3. “Porsche claiming a curb weight of just 3241 pounds” – Car & Driver

    https://www.caranddriver.com/porsche/911-gt2-rs

    “Porsche says the GT2 RS weighs 3241 pounds with a full tank of fuel” – Road & Track

    https://www.roadandtrack.com/new-cars/a10244618/porsche-911-gt2-rs-first-look-specs/

    “To bring the standard 2018 911 GT2 RS’s weight in at its official 3,241 pounds” – Automobile

    https://www.google.com/amp/s/www.automobilemag.com/news/first-drive-2018-porsche-911-gt2-rs/amp/

    3,241lbs is only 7lbs lighter than your car, 22lbs with the stock exhaust, and 121.5lbs lighter than your car with a full tank of fuel -99.5lbs more (15.8gal x 6.3lb/gal). 2/3 of 23.7 gallons = 15.8gallons.

    So the GT2RS with the front lift is actually 3,369lbs with a full tank of gas.

  4. What is the purpose of this car? Scale art? I would much rather see some lap time comparisons. The only way that car can justify that colour [sic, Canadian] and the money being thrown at it is with some performance testing. Boring! Sad! Making me belligerent.

      1. Yes, lots of number are being made that say this car should be faster than before. Same for the GTR. I guess we can just assume that it is the case and be happy with that. Saves on rock chips!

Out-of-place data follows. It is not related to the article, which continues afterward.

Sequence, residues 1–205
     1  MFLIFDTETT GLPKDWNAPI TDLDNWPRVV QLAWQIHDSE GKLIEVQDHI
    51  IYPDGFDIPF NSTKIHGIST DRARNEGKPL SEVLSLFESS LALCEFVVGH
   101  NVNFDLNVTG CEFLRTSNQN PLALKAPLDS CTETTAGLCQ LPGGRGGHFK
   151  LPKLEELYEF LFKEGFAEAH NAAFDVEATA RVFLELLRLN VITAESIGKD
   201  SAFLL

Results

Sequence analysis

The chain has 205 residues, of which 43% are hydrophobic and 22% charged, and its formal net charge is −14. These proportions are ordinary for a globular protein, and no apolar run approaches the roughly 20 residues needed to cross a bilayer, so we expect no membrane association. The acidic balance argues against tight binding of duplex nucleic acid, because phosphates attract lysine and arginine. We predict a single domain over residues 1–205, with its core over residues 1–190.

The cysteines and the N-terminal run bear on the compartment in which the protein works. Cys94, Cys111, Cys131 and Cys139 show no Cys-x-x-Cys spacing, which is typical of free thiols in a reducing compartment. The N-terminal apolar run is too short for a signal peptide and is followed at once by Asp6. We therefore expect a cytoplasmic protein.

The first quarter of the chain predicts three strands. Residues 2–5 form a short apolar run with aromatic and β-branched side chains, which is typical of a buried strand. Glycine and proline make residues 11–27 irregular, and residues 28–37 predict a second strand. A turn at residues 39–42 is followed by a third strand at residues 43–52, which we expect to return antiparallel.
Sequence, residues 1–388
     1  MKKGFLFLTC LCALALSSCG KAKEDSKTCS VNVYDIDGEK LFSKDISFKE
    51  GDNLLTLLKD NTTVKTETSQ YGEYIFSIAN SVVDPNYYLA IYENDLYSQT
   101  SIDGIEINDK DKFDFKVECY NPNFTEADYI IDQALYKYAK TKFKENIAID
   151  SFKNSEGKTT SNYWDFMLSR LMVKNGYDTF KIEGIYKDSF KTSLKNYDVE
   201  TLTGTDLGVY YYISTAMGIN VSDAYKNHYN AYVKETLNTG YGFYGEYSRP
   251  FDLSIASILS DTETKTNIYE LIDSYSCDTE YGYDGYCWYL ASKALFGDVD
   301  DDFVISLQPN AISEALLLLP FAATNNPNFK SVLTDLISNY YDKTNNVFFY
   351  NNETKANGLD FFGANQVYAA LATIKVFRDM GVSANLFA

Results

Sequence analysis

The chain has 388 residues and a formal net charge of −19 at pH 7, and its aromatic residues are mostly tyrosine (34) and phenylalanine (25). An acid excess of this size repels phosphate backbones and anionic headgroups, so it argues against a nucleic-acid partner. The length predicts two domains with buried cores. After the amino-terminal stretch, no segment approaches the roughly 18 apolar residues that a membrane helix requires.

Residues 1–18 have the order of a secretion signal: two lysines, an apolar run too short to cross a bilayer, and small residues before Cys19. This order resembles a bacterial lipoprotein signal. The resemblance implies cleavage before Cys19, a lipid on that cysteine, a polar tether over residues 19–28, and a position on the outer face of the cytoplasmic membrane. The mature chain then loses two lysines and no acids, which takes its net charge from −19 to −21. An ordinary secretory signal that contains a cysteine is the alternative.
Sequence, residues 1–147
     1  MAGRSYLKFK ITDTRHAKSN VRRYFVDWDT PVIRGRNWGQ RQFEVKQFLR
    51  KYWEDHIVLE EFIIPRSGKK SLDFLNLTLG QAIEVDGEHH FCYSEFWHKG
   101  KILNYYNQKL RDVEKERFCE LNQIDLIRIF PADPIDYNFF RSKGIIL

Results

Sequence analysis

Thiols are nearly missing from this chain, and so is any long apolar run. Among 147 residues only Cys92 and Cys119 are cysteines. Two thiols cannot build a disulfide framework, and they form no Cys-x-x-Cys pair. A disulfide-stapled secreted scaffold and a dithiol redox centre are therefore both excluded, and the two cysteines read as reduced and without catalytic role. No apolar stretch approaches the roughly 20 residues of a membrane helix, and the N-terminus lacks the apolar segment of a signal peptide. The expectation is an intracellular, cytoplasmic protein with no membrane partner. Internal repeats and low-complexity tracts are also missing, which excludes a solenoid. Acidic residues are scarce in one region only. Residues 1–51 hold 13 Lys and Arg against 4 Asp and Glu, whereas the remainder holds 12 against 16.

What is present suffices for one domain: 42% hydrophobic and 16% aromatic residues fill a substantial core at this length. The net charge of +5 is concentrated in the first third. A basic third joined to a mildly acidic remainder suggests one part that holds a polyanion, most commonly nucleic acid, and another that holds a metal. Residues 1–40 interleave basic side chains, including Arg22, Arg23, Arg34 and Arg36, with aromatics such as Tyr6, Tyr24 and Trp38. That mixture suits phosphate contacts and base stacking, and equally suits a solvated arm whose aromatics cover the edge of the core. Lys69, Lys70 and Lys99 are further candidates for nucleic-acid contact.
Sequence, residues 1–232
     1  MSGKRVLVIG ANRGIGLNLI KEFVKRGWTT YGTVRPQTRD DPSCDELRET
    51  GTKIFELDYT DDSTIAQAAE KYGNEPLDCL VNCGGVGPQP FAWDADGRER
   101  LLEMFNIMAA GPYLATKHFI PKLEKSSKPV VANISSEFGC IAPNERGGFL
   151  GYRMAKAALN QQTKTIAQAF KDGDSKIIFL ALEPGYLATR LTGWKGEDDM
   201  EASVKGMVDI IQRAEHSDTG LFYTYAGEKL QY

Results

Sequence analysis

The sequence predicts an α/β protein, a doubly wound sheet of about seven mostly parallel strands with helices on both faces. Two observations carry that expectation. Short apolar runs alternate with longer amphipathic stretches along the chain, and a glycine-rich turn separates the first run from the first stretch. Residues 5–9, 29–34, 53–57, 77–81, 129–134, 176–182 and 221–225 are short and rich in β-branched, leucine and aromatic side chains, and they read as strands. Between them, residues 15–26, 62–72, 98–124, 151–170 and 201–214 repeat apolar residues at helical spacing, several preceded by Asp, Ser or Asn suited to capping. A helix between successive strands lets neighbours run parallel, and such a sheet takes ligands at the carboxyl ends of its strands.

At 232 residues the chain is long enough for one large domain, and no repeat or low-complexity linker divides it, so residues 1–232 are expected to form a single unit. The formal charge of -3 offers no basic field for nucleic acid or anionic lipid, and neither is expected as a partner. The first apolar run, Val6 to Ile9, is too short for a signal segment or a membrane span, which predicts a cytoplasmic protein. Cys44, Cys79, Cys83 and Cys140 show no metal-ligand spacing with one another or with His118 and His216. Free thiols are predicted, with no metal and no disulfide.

Or hey, maybe we can upload the specs to Forza and let that tell us how much improvement has been made! Heck, who even needs the physical car! Next project can just start and end in simulation!

        On a more serious note, as a racer it frustrates me to see Joe Public impressed by someone driving something like this on the street where it’s potential can’t be safely approached and likely never will. They are impressed by the numbers such as the ones being generated in this project. Joe will be in awe of this car even though the combo of car and the usual squid behind the wheel would be blown away on the right track by a John or Sue in a E36 M3 who has put in some time and effort to becoming a competent driver and done some real world (laps) testing and tuning on their car. The tangible result to me is practical performance. The spreadsheet doesn’t get me fired up (well not in a good way). Why should I care that you can go to Walmart with 42 less lbs holding you back when you are limited by traffic and a speed limit anyways? Of course these are all my personal biases and values, but I would give the guy in a dinged up track day prepped Miata a thumbs up before giving the insecure wealthy guy the ego-boost of a glance when he is driving his showroom fresh McLaren 720s automotive cod-piece to Whole foods.